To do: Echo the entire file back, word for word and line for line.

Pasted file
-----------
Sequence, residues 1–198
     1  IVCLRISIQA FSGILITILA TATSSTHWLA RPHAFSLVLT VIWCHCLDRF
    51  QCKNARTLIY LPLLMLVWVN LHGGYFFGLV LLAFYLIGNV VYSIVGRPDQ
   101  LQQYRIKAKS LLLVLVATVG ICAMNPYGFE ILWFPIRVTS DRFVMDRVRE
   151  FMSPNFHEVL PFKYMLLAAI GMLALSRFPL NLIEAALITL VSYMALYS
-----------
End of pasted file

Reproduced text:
Sequence, residues 1–198
     1  IVCLRISIQA FSGILITILA TATSSTHWLA RPHAFSLVLT VIWCHCLDRF
    51  QCKNARTLIY LPLLMLVWVN LHGGYFFGLV LLAFYLIGNV VYSIVGRPDQ
   101  LQQYRIKAKS LLLVLVATVG ICAMNPYGFE ILWFPIRVTS DRFVMDRVRE
   151  FMSPNFHEVL PFKYMLLAAI GMLALSRFPL NLIEAALITL VSYMALYS